These are all signs of thoracic outlet syndrome, something Henry didn’t consider until he visited Cressey Sports Performance, a leading training facility, and someone there suggested he look into it. Soon, Henry was on a plane to see Gregory Pearl, a TOS specialist and vascular surgeon, in Dallas. Pearl looked over every one of Henry’s MRIs and didn’t see an obvious problem. That’s when Pearl injected a nerve block in his lateral neck muscle, designed to simulate how Henry might feel after TOS surgery.

The condition is caused by the compression of major nerves (neurogenic) or blood vessels (vascular) near the base of the neck, affecting a nerve network that provides movement and feeling to the arm and hand. So if Henry still felt pain or numbness while throwing with the nerve block injected, he probably would have to search for another solution. But if he felt good, it would be a compelling reason to undergo an operation that would address TOS by removing his first rib and a neck muscle.

“I didn’t sleep at all the night before,” Henry said. “I felt like my whole career was riding on how this throwing session went, and I was worried about my mind maybe tricking me because I so badly wanted an answer. Like, would I truly know if I felt good, or would I just want to? That sort of thing.

“I go to the facility in Dallas with Gene [Basham], the Nats’ minor league rehab guy, and he tells me has never seen me look so good. I felt awesome. It was weird because that meant surgery was probably the best option. I talked to my dad, my agent, my girlfriend who’s now my fiancee, and then I did it [Aug. 25]. The worst part was right after. My ribs and side hurt so bad that I would cry from sneezing or laughing. But ever since …

“Ever since I have honestly felt good as new.”

Just before the bullpen session outside Charlotte, Henry stared down Tyler Zombro, his coach here at Tread Athletics, and called his shot.

“Next one is 90,” Henry said, incrementally building toward that number in the high-end performance facility. He crow-hopped and threw straight into the net in front of Zombro.

“Nope!” Zombro said, looking down at the radar gun in his hand. “Eighty-nine.”

The ideal recovery from TOS surgery is both detailed and not too tentative. Zombro, a minor league pitcher for the Tampa Bay Rays, would know.

Two months ahead of Henry, Zombro, 28, underwent surgery with Pearl to address neurogenic and vascular TOS. Once a pre-med major at George Mason University, Zombro thoroughly researched the procedure, including probing Pearl with questions. Zombro believes the negative view of TOS surgery is unwarranted, though he does understand why removing a rib sounds scary — and why it could be hard to trust a diagnosis that doesn’t come through a traditional MRI.

“When you are younger and you can actually push it in the weight room and you’re kind of adapting through the tissue modifications that are taking place, you’re getting the scar tissue to behave how you’d like, I really don’t think there is a negative to the surgery,” Zombro said, adding that losing a first rib and scalene muscle doesn’t alter joint integrity in any way. “I know a lot of people told me before the surgery: ‘Well this surgery as-is is kind of a death sentence for pitchers. This feels like an impossible comeback.’

“But I’m like, ‘How in the world do you expect me to function when I have terrible feel of the baseball, don’t know where my arm is in space and clearly my velocity is declining?’ At that point, it’s like: What other options are we really navigating to? Oftentimes, with the TOS guys, they are at a really low point. Usually it’s at a point where you’re only going to get better out of it.”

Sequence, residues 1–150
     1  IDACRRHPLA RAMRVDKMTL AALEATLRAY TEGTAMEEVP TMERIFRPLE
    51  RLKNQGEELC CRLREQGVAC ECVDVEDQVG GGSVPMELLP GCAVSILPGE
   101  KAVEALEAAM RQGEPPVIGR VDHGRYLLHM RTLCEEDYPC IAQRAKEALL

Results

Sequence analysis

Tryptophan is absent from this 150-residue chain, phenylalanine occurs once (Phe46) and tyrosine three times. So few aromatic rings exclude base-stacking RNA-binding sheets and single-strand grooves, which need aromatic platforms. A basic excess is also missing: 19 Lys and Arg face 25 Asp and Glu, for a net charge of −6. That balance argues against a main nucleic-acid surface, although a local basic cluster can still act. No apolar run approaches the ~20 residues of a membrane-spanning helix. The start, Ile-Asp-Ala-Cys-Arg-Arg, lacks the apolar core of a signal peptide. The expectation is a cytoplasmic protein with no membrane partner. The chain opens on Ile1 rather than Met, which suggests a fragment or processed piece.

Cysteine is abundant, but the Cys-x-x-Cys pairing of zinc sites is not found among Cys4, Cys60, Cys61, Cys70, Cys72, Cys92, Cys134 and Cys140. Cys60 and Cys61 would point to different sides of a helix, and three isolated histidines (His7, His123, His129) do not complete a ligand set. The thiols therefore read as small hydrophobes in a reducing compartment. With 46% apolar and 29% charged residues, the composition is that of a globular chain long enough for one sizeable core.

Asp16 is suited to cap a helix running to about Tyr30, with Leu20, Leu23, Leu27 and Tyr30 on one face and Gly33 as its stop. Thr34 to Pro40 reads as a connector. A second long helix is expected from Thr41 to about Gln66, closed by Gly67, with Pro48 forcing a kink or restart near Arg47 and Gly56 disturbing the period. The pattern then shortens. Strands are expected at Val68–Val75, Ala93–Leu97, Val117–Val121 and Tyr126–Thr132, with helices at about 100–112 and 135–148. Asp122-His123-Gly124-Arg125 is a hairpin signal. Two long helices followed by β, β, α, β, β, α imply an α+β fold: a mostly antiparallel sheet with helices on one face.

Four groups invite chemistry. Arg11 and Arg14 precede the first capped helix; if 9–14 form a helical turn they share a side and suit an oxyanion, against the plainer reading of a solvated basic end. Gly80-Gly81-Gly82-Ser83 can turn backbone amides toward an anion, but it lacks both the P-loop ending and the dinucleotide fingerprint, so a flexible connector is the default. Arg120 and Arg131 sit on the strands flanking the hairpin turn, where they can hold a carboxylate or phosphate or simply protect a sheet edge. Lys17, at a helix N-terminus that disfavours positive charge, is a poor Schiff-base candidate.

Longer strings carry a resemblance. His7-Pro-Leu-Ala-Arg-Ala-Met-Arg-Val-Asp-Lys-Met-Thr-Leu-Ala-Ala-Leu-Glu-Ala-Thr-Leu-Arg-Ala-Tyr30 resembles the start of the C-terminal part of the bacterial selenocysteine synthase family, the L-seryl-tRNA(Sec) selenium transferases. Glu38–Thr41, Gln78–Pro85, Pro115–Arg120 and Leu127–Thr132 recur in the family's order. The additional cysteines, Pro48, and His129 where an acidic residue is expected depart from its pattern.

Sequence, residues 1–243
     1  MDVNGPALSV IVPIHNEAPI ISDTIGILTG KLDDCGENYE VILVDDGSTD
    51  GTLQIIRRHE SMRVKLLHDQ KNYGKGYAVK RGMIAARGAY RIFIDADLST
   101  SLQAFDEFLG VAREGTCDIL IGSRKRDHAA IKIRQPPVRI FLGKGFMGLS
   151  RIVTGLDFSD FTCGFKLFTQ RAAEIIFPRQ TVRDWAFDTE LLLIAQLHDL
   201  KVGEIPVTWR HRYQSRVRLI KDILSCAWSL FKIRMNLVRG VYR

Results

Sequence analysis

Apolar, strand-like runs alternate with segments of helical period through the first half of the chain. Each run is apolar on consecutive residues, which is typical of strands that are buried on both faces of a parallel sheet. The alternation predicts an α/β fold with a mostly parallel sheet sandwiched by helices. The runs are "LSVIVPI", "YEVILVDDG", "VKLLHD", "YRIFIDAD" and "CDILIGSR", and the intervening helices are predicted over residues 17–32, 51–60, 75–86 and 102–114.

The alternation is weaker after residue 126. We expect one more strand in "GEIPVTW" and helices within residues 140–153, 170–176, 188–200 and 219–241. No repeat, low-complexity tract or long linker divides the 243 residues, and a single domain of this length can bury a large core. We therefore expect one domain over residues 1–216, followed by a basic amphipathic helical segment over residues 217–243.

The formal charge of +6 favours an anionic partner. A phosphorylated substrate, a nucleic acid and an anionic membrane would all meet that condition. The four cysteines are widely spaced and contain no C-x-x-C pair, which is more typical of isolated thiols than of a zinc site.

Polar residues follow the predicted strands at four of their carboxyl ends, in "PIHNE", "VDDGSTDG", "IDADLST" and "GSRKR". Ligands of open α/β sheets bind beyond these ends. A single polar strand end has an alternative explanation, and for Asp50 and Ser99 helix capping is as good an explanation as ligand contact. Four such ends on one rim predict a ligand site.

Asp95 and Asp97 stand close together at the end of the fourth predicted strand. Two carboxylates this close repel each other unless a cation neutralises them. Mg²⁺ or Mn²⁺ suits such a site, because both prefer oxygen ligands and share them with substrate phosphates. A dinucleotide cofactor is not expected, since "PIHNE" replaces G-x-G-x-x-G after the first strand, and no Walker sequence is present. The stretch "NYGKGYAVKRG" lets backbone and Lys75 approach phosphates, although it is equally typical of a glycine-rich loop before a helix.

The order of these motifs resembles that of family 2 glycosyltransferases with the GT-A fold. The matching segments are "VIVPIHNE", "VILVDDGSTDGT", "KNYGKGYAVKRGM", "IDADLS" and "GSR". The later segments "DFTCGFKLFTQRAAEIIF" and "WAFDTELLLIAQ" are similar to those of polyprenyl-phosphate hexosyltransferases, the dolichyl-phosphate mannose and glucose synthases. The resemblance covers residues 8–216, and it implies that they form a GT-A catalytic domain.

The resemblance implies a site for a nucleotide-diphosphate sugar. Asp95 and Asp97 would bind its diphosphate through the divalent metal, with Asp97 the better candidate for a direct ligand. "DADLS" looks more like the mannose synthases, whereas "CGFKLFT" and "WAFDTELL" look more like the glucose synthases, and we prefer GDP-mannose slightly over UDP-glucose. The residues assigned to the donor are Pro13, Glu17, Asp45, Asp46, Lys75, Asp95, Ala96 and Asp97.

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The stigma might come, at least in part, from big-name pitchers who underwent surgery toward the end of their careers — and in some cases underwent unnecessary surgeries before landing on a TOS diagnosis. That is Zombro’s view, and it’s shared by some who have opted for the surgery in recent years. Strasburg, for example, was 33 when he underwent TOS surgery and believes he only did so after an ill-advised procedure to address carpal tunnel syndrome the previous summer. Clayton Richard, a former MLB pitcher, says he had a superfluous second shoulder surgery that delayed his eventual comeback from TOS.

Henry, by contrast, had never been operated on before August. Antoine Kelly, a minor league pitcher for the Texas Rangers, also underwent TOS surgery without any major league service time, doing so at 20 years old in November 2020. Looking back a few decades, Jeff Henry remembers a number of guys who left the game because they had constant tingling in their throwing hands or plain old “dead arm.” He wonders if any of them, even a small handful, could have had their playing days extended by a TOS procedure.

“It’s more relieving than concerning,” Mike Rizzo, the Nationals’ general manager, said of Henry’s situation. “There are no miles on his arm. I think that’s the issue you see with Stras. Stras had a lot of trauma to his arm and that side of his body, and I’m hoping that because the kid is clean everywhere else, he can bounce back from this and be one of the success stories of this surgery.”

Twenty pitches at 90 percent effort, all fastballs. That was it. Henry never even learned the name of the guy who caught his bullpen session.

What mattered was that he felt normal — so normal that as soon as he stepped off the mound he and Zombro were already planning his next session. In a week, he would head to West Palm Beach, this time for spring training instead of an extended rehab. In five weeks, give or take, he could maybe pitch with a batter in the box, maybe in front of a coach or executive who could once again tap him for the fast track.

Imagine that. A real-life batter in the box, nothing but the moment and the rest of his career ahead.